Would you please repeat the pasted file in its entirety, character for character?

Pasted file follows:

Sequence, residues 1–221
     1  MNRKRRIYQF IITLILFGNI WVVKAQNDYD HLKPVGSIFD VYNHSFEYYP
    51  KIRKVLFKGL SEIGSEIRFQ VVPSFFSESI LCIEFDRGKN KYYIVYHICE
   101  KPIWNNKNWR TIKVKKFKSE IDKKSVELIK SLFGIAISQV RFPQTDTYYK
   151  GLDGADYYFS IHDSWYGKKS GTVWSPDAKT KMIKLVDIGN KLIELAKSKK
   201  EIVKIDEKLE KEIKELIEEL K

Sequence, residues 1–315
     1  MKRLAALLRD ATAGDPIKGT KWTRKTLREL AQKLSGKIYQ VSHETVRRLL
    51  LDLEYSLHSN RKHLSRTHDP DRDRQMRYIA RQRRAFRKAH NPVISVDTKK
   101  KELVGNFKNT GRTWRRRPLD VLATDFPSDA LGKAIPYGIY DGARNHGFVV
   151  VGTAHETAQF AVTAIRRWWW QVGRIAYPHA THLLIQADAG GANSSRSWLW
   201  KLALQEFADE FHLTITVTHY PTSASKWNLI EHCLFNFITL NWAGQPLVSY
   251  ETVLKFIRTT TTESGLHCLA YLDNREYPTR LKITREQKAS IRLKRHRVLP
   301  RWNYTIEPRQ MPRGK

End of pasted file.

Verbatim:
Sequence, residues 1–221
     1  MNRKRRIYQF IITLILFGNI WVVKAQNDYD HLKPVGSIFD VYNHSFEYYP
    51  KIRKVLFKGL SEIGSEIRFQ VVPSFFSESI LCIEFDRGKN KYYIVYHICE
   101  KPIWNNKNWR TIKVKKFKSE IDKKSVELIK SLFGIAISQV RFPQTDTYYK
   151  GLDGADYYFS IHDSWYGKKS GTVWSPDAKT KMIKLVDIGN KLIELAKSKK
   201  EIVKIDEKLE KEIKELIEEL K

Sequence, residues 1–315
     1  MKRLAALLRD ATAGDPIKGT KWTRKTLREL AQKLSGKIYQ VSHETVRRLL
    51  LDLEYSLHSN RKHLSRTHDP DRDRQMRYIA RQRRAFRKAH NPVISVDTKK
   101  KELVGNFKNT GRTWRRRPLD VLATDFPSDA LGKAIPYGIY DGARNHGFVV
   151  VGTAHETAQF AVTAIRRWWW QVGRIAYPHA THLLIQADAG GANSSRSWLW
   201  KLALQEFADE FHLTITVTHY PTSASKWNLI EHCLFNFITL NWAGQPLVSY
   251  ETVLKFIRTT TTESGLHCLA YLDNREYPTR LKITREQKAS IRLKRHRVLP
   301  RWNYTIEPRQ MPRGK